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Tuesday, July 01, 2008

The Thomas Nelson Work From Home Test

I generally am loathe to talk about something new before its tested and fully functional. However, at last week's Publishing Compensation meetings I heard several comments about why we're not talking about our telecommuting pilot program. I haven't been because its a test, meaning we don't know what we don't know and are trying to learn. Still, the enthusiasm for the test is such that a lot of people apparently want to know about it.

We began a pilot program in HR about 9 or 10 months ago, without telling anybody (including the ELT and my boss the CEO) what we were doing. The idea was this: if a face-to-face service department like HR could leverage the technology available to us with zero additional investment and no drop-off in service, then almost any business unit in the company could do the same. None of us own laptops, none of us carry a blackberry, and we committed no funds to the program. Instead, we worked with our IT department (and what great partners they are!) to install VPN software on our home PCs, an internal IM client (Pandion) on our work PCs, and otherwise we simply changed the methods by which we did our job. I offered the opportunity to work from home up to three half-days to my staff, and the three hourly team members declined citing that their work couldn't be done from home, and the three salaried staffers took me up on my offer.

We had some rough spots and a lot of kinks to iron out (this was a test, after all...) but at the eight month mark we felt good enough about the results to write it all up and make a recommendation to the ELT. Now, every EVP has been assigned by the CEO to identify a test group or groups in their division and we should be underway with those tests in 1 - 2 weeks.

Meanwhile, in the HR department, we're trying to stay ahead of the divisional tests and continue to experiment with new technologies and methods. I have offered 4 10-hour shifts to my hourly staff who can't work from home, in order to give them relief from high gas prices. I have expanded the salaried staff to two full days off-site, and installed web cams for my assistant, the salaried staff, and me. This cost us about $500 and is the first money we've spent on the test. IT installed these in such a way that they can be used at work then easily removed and taken home for off-site work. IT then installed Skype and Oovoo for video conferencing, and I've installed AIM Pro (the business version of AOL Instant Messenger) and Yahoo Messenger, both with one-click video conferencing. Starting next week, we will have all our departmental meetings with one or more members joining in via video conference. Also starting next week, we will have face-to-face video interviews with candidates before paying to have them travel to Nashville.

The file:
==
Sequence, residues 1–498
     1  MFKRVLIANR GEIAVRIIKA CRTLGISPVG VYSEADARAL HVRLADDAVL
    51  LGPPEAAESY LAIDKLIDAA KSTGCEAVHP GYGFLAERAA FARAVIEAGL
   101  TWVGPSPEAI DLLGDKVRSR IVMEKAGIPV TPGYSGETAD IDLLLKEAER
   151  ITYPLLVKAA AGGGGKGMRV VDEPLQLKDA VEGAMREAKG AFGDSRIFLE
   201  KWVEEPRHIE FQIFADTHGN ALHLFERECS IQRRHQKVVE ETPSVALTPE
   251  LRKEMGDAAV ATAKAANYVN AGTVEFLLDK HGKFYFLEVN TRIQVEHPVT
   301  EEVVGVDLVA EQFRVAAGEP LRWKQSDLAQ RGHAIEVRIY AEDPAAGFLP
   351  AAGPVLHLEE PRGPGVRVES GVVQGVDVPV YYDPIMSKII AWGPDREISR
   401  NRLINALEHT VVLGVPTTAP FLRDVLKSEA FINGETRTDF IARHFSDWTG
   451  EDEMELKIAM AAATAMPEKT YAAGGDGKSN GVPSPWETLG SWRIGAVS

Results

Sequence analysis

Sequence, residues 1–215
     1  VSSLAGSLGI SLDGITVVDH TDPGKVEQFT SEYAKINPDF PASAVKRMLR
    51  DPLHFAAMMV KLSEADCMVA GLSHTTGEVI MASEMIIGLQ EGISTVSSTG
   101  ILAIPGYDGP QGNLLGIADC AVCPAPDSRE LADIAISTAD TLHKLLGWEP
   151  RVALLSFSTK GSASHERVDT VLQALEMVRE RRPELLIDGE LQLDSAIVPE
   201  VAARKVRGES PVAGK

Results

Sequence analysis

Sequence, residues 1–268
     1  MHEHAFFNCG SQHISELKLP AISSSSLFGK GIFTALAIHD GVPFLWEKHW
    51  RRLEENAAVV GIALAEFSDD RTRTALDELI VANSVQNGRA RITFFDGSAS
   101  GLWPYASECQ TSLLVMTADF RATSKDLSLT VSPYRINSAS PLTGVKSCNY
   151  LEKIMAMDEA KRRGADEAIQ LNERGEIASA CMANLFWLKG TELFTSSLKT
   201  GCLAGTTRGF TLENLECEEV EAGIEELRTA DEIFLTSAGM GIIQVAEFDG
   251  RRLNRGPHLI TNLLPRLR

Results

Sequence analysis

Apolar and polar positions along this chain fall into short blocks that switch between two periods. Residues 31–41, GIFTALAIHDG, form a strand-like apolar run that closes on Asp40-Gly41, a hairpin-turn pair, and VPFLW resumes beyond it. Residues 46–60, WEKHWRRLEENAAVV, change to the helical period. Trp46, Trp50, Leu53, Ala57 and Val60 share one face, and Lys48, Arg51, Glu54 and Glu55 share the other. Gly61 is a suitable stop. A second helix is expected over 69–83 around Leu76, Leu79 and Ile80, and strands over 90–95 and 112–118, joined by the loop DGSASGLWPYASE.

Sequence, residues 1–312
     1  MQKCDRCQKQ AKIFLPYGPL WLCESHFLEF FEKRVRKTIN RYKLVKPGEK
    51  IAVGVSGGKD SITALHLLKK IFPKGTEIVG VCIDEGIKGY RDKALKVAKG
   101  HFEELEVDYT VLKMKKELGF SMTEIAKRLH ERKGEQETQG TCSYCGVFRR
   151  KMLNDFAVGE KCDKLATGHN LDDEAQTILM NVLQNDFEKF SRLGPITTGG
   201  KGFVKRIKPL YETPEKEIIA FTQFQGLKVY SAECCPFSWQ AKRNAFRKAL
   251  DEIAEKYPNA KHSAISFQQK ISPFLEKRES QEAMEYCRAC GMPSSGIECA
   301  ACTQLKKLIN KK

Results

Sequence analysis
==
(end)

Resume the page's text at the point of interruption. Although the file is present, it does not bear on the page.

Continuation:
Where's this going? Well, its too early to tell just yet...its a test! What I hope to see out of this is in the short-term is relief for our staff from high commuting costs. What I'd like to see in the intermediate term is a 30% reduction in occupancy costs (see my earlier blog on that topic) in Nashville, which would give us savings literally in the hundreds of thousands of dollars annually. Long-term, I'd like to see the critical learning of how to work together, virtually, across-town translate into learning how to work with each other cross-country (hello, virtual office in New York!) and then internationally. These skills will hasten the realization of our having operations all over the world (which we do to some extent now) that are fully integrated and aligned with each other and corporate headquarters. But for now, this is only a test....


Scott said...

Jim -

I think this is a fantastic idea. As someone who conducts most of his in-office business via phone or email this makes perfect sense. The other part of my work is in front of customers. The few meetings I have in the office could easily be done from anywhere with the addition of a Verizon card and the existing equipment my laptop has (built in webcam, and the ooVoo software).

Bottom line? Sign me up! You can have my desk tomorrow if you want/need the space! :)

Luke Gedeon said...


I am impressed. You are accomplishing some really amazing things at Nelson.

It is neat to watch the company emerge from the dark ages 5-10 years ago, and grow into a company I could actually be proud to work for.

Kyle Chowning said...

Jim...I came to you via Mike's reader recommendations.

I'm sure you already know about this, but if you don't, there is a program like this at Best Buy called, R.O.W.E.—results only work environment. The results was a focus on results, not time. The employees went from a high yearly turnover to a almost 0. Productivity was measured to have increased by some 35-40%. All because they empowered people to decide when, where, and how they would work. It's fascinating and empowering to say the least. You can also check out the book Work Sucks. It is the book about how they introduced and made the change.


davidpleach said...


Good work. And thanks for the report. Your post demonstrates that we can work "in the open" without getting freaky. Openly discussing experiments improves collaboration across channels and disciplines (unless there are competitive concerns, of course). Thanks for opening the closet door of typical decision making.

Anonymous said...

This is fabulous Jim. I hope to see this rolled out company wide to departments this is applicable to.

There is SO much to be said about working at home/telecommuting. I honestly believe - there is a HUGE percentage gain in work productivity (and attitude).

In addition - gas prices are outrageous. Any relief that TN can assist its employees with is super appreciated and by doing it this way - has minimal costs to the company. Bravo TN!